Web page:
Shortly after waving goodbye to a colony of Magellanic penguins on Isla Magdalena, we arrived at our last stop: Punta Arenas. From there, a mere 5 and a half hours ride took us into one of the World’s most impressive landscapes: the Torres del Paine National Park.

Torres del Paine National Park is takes it name from three impressive granite towers (torres) that, together with the horns (cuernos), rise more than 3,000 meters above the Patagonian steppe. It’s beauty and uniqueness was officially recognized in 1975, when it was declared World Biosphere Reserve by UNESCO.

What makes this place so special?

The Mountains

Mountains in Torres del Paine, Chile

Those of you who know me, know that I love mountainous landscapes., which is a bit unusual from someone who’s spent her teens in a bikini.

That Torres del Paine National Park is considered a paradise for hikers and climbers and overall mountaineers was no surprise – its many valleys and peaks form a fantastic playground for any adventurer seeking for unspoiled allure!

I took the above picture of one of the Cuernos del Paine while hiking in Valle Francés.

The Lakes

Lake in Torres del Paine, Chile

Although I had spent two years living next to a beautiful lake in Switzerland, I held my breath as I saw the shades of blue of the lakes in the park.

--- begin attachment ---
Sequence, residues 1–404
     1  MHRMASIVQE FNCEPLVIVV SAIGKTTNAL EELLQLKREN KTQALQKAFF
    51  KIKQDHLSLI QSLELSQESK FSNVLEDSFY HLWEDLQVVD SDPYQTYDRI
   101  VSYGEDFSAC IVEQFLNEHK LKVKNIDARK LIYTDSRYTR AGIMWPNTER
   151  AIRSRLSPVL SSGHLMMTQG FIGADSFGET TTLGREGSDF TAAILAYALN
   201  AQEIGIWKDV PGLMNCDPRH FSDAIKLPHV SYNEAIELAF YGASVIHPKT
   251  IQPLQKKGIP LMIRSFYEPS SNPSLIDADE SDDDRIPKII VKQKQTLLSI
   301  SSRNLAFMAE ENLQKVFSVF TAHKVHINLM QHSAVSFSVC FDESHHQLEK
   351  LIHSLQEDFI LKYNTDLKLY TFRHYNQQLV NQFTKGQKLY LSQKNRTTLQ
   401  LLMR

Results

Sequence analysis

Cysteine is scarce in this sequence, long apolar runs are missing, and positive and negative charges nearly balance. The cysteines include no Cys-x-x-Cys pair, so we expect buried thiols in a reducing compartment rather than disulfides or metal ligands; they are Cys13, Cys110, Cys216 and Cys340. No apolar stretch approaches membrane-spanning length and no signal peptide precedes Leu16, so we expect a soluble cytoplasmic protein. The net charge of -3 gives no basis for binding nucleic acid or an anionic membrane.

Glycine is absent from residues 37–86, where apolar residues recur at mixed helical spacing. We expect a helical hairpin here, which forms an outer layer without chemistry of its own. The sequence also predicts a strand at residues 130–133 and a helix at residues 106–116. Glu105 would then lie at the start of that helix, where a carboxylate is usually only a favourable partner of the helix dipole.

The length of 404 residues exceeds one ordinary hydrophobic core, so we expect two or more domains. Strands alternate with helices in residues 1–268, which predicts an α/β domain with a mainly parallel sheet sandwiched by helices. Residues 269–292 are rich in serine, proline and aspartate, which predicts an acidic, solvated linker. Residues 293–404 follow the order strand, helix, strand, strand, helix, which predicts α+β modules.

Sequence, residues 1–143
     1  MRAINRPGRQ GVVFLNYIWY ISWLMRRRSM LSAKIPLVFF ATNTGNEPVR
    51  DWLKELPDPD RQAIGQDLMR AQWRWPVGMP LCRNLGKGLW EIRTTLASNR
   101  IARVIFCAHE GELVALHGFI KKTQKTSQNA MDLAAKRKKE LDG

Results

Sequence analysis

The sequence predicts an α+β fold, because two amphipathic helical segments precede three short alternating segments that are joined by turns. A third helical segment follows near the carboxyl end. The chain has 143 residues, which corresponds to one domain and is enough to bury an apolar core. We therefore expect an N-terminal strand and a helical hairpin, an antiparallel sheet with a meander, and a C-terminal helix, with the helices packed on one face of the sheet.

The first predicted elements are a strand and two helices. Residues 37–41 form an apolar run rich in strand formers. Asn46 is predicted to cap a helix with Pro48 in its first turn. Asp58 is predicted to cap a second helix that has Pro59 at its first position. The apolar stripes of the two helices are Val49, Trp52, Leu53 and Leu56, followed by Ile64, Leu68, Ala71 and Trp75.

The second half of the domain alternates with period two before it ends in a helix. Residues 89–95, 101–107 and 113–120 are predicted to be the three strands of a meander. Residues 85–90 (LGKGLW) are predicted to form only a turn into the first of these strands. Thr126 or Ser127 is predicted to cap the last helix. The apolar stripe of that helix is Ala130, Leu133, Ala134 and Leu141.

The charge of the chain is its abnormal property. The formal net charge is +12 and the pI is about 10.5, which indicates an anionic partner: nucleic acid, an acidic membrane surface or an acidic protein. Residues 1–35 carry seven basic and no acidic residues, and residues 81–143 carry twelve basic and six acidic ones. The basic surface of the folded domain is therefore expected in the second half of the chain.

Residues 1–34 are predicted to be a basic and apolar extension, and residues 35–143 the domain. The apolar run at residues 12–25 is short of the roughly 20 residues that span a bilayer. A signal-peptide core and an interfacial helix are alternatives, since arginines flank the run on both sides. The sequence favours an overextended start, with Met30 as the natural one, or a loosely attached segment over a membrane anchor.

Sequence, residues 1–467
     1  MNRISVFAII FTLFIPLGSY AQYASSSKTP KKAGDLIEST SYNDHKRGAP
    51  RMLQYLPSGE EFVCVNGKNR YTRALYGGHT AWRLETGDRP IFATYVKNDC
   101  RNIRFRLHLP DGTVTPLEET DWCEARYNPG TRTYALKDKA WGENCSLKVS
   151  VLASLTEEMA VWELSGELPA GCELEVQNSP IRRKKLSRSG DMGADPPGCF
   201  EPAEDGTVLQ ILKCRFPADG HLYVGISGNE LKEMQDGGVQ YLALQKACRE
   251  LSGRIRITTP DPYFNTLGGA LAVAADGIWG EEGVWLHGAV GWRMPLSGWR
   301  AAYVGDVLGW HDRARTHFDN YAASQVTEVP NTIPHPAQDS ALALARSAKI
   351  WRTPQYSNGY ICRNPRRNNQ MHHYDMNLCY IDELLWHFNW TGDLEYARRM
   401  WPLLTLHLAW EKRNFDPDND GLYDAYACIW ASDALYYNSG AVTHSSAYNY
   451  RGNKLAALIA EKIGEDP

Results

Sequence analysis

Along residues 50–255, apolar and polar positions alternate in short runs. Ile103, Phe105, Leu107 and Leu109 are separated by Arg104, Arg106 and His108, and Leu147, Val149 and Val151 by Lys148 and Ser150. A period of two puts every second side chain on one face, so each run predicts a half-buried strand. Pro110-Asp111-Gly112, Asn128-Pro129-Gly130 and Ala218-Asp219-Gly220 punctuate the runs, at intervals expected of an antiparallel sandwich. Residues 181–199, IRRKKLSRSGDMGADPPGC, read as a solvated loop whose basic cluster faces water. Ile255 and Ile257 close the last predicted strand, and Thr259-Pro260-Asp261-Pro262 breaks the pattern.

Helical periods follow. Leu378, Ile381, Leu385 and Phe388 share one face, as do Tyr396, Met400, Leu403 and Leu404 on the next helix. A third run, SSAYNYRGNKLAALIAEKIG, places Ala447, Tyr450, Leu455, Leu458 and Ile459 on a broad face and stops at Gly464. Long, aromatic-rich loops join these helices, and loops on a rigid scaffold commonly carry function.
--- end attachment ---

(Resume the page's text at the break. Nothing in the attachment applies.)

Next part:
Shouldn’t this color belong in the Caribbean?

I took this picture was taken from Puente Weber, overlooking Rio Paine and the Paine Massif.

The Flora

Flowers in Torres del Paine, Chile

The best months to travel to Torres del Paine is between October and April – not only because of the milder temperatures and longer hours of sunlight, but to appreciate the diverse flora that colors the ground of the park.

I soon learned that looking down can be as rewarding as looking up!

The picture above is of a bed of lupins, one of the iconic wildflowers in the Andean region in Patagonia.

The Waterfalls

Waterfall in Torres del Paine, Chile

The Park has two waterfalls – Salto Grande (pictured above) and Cascada del Rio Paine, which exhibit very different attractions. Salto Grande caught my eye due to the tremendous power used to drain the water from Lake Nordenskjöld to Lake Pehoé. Cascada del Rio Paine, although less powerful, had a perfect setting – in front of the dramatic Torres.